Risk of drug overdose death following discharge from a trauma center for an injury
AuthorGreene, Christina Reagan
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AbstractBackground: Trauma patients have a higher rate of long-term mortality due to natural and external causes, yet drug overdose (OD) death within this population has not been explored previously. Pre-existing behavioral risk factors, such as drug and alcohol use disorders (DUD/AUD), and chronic pain resulting from traumatic injury may increase trauma patient’s risk of subsequent drug overdose death. Objectives: To determine whether trauma patients are at greater risk of drug OD death than the general population and detect whether smoking status or fracture is associated with future drug OD death among surviving trauma patients. Methods: Trauma patients between 18 and 64 years of age who were discharged alive from a Level I Trauma Center between January 1999 and October 2008 were linked to the National Death Index (N=36,288). Patients who were alive at least 30 days after discharge without cancer were included in this study. Trauma patient risk of drug OD death was compared with the age, gender and race adjusted state population using a standardized mortality ratio (SMR) and 95% confidence intervals (CI). Cox proportional hazard regression was used to determine whether current smoking status or lower limb fracture injury were risk factors for drug overdose death factors. Results: Trauma patients had a significantly higher drug overdose mortality rate than the state population [SMR=6.10 (95% CI 5.35-6.93)]. Cox proportional hazard modeling revealed a significant increased risk of drug overdose for current smokers [HR = 1.66 (95% CI 1.25-2.21)]. The effect of smoking was stronger in patients with no DUD/AUD and BAC< 80mg/dL [HR=2.45, 95% CI 1.67-3.57], while smoking was not associated with drug OD death in those with DUD/AUD or BAC≥ 80mg/dL on admission. Patients with lower limb fracture were not at increased risk of drug overdose death compared to those without fracture injuries. Conclusion: Trauma patients have a higher risk of drug OD death than the general population. Smoking is a significant risk factor for drug OD following traumatic injury. Future drug overdose prevention programs should focus efforts on reducing drug overdose mortality in trauma patients, particularly those who smoke.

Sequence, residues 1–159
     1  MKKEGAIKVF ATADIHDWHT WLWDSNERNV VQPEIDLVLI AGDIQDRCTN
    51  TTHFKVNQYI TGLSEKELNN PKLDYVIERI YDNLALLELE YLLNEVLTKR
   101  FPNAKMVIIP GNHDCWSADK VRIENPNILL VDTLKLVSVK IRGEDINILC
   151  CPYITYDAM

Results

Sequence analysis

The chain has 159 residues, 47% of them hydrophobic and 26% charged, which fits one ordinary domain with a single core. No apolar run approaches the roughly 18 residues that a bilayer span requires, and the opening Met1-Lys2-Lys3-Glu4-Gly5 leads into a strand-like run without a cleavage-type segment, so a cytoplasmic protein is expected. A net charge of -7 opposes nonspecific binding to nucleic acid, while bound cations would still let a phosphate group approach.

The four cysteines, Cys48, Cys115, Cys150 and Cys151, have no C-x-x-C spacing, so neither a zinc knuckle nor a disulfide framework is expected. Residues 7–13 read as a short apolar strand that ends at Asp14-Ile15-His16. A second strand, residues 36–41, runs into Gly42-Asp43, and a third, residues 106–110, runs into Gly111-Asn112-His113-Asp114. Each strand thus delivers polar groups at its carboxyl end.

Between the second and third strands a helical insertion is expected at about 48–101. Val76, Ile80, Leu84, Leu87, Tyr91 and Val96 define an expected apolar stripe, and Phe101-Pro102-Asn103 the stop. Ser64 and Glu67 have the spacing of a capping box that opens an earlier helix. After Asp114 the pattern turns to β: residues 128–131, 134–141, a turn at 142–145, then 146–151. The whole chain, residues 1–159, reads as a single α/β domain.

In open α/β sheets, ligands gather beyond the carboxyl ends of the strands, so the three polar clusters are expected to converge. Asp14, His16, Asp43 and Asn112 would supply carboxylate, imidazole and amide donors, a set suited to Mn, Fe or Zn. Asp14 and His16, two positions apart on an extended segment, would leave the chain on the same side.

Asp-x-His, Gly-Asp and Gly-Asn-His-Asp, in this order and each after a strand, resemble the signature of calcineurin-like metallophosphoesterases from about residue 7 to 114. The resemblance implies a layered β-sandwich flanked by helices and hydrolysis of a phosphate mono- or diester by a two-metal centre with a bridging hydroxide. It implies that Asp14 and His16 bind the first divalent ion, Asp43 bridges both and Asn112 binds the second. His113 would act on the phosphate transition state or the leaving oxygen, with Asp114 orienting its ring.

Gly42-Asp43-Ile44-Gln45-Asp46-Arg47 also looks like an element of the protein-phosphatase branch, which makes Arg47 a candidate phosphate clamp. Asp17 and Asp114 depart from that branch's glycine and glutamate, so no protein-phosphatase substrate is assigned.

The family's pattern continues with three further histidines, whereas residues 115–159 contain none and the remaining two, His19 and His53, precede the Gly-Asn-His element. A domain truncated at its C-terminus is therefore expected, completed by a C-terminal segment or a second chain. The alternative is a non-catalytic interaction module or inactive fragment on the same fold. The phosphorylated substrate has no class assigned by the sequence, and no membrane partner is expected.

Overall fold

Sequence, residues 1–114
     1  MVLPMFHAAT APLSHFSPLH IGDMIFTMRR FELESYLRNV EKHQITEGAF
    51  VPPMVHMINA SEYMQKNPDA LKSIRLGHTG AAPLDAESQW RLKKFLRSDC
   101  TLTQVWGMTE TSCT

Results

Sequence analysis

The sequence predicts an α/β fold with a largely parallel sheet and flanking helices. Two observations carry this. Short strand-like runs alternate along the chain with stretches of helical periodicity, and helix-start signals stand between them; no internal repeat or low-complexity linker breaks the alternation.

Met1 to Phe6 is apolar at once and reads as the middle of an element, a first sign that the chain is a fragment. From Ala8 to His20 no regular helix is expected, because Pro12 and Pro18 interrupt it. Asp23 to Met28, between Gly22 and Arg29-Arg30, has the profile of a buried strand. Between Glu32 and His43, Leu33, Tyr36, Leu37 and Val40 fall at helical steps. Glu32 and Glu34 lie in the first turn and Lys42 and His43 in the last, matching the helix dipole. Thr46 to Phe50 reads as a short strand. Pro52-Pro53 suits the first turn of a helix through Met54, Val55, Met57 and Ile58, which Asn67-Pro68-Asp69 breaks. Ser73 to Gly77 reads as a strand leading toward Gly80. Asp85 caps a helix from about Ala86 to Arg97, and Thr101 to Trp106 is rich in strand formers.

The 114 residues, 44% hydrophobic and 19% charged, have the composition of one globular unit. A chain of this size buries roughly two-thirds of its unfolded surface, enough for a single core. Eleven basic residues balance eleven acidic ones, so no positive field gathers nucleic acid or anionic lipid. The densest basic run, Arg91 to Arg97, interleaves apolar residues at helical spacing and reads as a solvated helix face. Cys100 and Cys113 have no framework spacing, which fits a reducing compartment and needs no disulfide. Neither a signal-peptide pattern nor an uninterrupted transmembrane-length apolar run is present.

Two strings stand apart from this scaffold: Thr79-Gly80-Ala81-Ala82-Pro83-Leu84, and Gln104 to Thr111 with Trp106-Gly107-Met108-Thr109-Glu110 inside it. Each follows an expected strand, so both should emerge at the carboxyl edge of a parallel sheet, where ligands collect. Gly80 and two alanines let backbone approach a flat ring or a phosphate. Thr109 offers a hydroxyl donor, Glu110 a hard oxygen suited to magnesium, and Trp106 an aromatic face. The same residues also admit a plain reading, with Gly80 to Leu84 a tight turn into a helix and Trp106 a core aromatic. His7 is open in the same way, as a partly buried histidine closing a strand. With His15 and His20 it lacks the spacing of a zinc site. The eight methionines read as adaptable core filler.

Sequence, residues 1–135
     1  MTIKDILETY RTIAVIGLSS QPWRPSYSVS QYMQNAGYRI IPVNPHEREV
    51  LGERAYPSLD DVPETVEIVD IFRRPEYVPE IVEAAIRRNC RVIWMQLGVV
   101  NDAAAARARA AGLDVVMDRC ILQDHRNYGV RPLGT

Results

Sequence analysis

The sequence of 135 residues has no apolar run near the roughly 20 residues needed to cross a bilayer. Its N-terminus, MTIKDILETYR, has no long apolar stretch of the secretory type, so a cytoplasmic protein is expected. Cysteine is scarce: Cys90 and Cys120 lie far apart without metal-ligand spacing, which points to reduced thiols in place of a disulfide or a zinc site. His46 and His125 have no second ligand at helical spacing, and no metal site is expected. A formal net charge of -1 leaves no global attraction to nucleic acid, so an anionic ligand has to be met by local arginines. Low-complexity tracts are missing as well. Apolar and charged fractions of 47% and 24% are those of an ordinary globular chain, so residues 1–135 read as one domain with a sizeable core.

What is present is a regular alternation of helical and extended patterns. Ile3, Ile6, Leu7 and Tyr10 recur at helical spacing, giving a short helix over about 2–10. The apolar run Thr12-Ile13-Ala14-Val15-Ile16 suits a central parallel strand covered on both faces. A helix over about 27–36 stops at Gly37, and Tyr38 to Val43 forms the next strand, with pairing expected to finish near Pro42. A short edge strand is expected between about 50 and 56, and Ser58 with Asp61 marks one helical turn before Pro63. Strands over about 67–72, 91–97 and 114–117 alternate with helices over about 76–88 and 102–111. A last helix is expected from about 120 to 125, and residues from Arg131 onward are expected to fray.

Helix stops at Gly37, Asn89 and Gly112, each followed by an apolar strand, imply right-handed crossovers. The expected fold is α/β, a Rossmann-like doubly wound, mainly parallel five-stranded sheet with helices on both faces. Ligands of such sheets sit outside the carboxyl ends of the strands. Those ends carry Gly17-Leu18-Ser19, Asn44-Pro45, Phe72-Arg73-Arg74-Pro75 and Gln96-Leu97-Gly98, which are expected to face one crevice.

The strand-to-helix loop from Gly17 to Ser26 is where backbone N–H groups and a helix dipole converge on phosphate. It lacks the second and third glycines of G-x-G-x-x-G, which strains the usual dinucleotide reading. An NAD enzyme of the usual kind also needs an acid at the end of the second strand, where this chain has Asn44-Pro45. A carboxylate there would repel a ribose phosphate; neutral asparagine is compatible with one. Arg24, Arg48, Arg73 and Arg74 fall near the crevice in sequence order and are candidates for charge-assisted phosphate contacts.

Epidemiology and Preventive Medicine
University of Maryland, Baltimore